# Homework Help: Equation used to find the efficiency of a kettle

1. Feb 17, 2015

### physicsnerd26

So, I'm doing this coursework right now, and I know that this equation is what's needed to get to the efficiency but I have only a little idea why.

I'm given this formula:

It's Efficiency = (mass (volume of water) x water capacity x change in temperature)/ (voltage x current x time taken)

Is there any theory connected to this? Or other equations that led to this equation?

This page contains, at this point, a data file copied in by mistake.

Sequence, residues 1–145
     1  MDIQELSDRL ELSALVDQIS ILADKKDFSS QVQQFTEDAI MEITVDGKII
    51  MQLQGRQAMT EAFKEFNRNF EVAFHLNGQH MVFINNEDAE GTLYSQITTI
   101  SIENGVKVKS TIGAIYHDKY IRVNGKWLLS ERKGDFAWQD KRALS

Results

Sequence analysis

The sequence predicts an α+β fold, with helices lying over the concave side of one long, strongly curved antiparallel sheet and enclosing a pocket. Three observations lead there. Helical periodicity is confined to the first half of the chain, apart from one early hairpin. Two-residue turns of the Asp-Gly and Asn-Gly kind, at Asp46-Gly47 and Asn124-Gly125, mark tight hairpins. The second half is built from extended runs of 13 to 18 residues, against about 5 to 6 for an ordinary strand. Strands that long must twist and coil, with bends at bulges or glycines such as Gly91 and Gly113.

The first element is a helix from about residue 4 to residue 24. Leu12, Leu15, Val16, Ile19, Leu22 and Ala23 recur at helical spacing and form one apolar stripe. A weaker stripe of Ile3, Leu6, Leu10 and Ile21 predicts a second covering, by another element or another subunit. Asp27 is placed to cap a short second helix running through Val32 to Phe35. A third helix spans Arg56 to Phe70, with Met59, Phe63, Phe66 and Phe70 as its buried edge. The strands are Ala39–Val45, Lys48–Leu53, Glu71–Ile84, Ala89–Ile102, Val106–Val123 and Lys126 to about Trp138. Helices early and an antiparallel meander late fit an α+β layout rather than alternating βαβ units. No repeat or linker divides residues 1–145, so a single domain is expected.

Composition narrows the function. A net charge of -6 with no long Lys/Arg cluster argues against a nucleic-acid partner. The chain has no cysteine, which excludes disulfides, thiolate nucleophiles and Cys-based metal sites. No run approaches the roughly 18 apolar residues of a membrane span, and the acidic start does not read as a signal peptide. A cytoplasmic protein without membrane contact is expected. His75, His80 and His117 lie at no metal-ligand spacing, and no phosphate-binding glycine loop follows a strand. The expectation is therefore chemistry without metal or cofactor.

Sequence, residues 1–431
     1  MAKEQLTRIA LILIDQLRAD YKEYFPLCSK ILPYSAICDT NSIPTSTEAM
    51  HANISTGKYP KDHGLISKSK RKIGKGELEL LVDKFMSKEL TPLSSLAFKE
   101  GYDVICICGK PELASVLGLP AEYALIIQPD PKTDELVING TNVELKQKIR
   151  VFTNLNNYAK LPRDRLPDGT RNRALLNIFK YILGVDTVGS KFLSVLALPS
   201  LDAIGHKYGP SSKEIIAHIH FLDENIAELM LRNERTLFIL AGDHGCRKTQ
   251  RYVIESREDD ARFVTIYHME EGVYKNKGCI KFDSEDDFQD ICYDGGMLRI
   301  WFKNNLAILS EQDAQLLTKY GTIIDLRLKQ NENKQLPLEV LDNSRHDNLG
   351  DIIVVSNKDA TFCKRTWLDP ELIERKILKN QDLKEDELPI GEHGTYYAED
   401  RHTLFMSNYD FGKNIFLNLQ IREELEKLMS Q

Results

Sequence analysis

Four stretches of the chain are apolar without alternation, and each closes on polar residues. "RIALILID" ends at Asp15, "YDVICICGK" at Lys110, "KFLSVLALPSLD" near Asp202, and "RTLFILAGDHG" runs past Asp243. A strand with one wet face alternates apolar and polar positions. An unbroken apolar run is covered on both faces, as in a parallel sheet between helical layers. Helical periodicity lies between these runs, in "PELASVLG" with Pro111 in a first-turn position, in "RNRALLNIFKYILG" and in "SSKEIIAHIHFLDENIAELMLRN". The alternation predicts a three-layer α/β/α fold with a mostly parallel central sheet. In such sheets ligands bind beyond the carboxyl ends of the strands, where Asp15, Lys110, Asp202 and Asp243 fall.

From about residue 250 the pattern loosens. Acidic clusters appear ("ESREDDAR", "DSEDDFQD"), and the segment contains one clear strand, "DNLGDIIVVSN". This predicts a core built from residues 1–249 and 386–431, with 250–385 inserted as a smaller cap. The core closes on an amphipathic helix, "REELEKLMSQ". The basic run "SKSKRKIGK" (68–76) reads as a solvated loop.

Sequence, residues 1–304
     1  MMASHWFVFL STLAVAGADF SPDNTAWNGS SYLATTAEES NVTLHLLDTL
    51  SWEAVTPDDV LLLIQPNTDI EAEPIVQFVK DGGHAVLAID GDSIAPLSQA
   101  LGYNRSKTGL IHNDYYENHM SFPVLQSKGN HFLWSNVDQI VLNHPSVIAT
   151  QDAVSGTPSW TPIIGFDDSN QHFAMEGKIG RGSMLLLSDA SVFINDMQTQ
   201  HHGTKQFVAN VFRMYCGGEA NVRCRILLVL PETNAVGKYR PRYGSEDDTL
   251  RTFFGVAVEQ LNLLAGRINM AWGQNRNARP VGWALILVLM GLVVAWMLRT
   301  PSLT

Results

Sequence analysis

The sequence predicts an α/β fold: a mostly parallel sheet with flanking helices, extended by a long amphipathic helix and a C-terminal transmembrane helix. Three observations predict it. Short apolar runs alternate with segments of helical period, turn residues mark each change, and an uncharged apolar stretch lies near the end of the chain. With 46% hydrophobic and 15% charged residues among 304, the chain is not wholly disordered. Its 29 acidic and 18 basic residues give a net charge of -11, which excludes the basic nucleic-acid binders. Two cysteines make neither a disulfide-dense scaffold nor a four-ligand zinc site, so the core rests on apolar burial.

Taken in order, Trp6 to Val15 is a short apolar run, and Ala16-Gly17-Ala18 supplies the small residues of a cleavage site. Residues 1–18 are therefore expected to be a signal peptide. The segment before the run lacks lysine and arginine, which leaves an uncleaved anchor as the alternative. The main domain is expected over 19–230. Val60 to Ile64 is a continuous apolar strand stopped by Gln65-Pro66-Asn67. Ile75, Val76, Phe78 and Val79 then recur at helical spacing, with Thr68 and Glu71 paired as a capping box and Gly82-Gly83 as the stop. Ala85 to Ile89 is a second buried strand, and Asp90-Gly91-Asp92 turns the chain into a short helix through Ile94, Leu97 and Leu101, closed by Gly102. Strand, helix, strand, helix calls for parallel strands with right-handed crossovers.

Last edited by a moderator: May 7, 2017
2. Feb 17, 2015

### SteamKing

Staff Emeritus
Perhaps you should look up the definition of 'efficiency'.

Also, don't post duplicate threads in different forums. That's a violation of the rules of PF.

3. Feb 18, 2015

### physicsnerd26

Already have, but am I right to assume that:

mass x water capacity x change in temperature = energy output
and the voltage x current x time taken = energy input?

4. Feb 18, 2015

### SteamKing

Staff Emeritus
That's correct.

5. Feb 18, 2015

### DEvens

I think C has to be the heat capacity of water, not the "water capacity" whatever that may be.

The heat capacity of water will be in units of energy per change in temperature per unit mass. For example, Joules per degree C per kilogram.